The Gateless Gate.

Mumon. The Gateless Gate. Transcribed by Nyogen Senzakai and Paul Reps.

1. Joshu’s Dog

A monk had asked Joshu, a Chinese Zen master: “Has a dog Buddha-nature or not?”

Joshu answered: “Mu” [Mu is a negative symbol in Chinese, meaning ‘No thing’ or ‘Nay’.]

Mumon’s comment: To realize Zen one has to pass through the barrier of the patriarchs. Enlightenment always comes after the road of thinking is blocked. If you do not pass the barrier of the patriarchs or if your thinking road is not blocked; whatever you think, whatever you do, is like a tangling ghost. You may ask: What is a barrier of a patriarch? This one word, Mu, is it.

This is the barrier of Zen. If you pass through it you will see Joshu face to face. Then you can work hand and hand with the whole line of patriarchs. Is this not a pleasant thing to do?

If you want to pass the barrier, you must work through every bone of your body, though every pore of your skin, filled with this question: What is Mu? and carry it day and night. Do not believe it is the common negative symbol meaning nothing. It is not nothingness, the opposite of existence. If you really want to pass this barrier, you should feel like drinking a hot iron ball that you can neither swallow nor spit out.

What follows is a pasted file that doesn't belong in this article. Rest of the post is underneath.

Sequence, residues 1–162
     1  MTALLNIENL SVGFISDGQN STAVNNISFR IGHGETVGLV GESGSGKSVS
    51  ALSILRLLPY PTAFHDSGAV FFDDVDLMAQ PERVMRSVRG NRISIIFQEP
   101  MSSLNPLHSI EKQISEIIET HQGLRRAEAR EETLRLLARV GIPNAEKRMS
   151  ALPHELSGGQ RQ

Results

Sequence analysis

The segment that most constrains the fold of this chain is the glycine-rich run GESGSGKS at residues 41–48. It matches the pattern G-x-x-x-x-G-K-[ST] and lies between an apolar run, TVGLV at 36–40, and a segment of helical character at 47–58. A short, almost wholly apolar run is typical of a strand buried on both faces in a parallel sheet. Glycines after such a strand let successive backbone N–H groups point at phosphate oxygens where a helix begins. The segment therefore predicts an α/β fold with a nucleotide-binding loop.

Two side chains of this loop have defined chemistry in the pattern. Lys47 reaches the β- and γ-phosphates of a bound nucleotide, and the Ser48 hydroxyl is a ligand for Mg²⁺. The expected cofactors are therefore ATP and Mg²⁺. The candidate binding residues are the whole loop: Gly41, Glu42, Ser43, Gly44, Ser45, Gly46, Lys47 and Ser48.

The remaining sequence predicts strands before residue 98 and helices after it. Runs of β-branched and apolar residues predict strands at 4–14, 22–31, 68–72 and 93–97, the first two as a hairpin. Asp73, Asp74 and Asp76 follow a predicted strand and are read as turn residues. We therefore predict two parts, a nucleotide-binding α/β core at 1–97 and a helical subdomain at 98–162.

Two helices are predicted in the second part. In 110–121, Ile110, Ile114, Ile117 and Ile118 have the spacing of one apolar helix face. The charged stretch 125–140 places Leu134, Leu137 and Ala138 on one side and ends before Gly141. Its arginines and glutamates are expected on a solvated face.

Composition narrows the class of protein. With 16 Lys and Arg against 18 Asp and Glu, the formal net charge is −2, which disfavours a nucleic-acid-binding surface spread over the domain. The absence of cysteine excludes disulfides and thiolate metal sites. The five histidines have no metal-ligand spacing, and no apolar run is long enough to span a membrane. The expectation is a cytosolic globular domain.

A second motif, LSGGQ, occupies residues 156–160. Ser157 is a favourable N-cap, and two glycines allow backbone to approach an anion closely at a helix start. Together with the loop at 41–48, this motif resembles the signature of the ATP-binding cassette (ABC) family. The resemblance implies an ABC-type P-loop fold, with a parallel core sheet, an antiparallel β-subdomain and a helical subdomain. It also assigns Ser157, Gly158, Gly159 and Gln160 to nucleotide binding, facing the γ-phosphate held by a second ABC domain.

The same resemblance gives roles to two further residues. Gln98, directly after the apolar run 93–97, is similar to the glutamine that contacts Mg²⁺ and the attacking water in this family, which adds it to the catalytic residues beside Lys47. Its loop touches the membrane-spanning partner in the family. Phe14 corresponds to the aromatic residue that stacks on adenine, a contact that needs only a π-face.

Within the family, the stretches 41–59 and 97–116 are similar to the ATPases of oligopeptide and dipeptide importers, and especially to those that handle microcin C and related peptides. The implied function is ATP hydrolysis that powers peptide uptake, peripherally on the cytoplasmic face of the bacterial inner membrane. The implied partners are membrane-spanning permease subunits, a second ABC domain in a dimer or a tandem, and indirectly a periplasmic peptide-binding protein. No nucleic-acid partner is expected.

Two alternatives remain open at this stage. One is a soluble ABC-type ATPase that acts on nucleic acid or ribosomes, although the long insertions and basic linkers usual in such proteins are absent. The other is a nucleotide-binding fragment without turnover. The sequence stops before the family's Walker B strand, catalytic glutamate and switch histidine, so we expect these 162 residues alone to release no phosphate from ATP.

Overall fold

Then your previous lesser knowledge disappears. As a fruit ripening in season, your subjectivity and objectivity naturally become one. It is like a dumb man who has had a dream. He knows it but cannot tell it.

When he enters this condition his ego shell is crushed and he can shake heaven and move the earth. He is like a great warrior with a sharp sword. If a Buddha stands in his way, he will cut him down; if a patriarch offers him any obstacle, he will kill him; and he will be free in his way of birth and death. He can enter any world as if it were his own playground. I will tell you how to do this with this koan: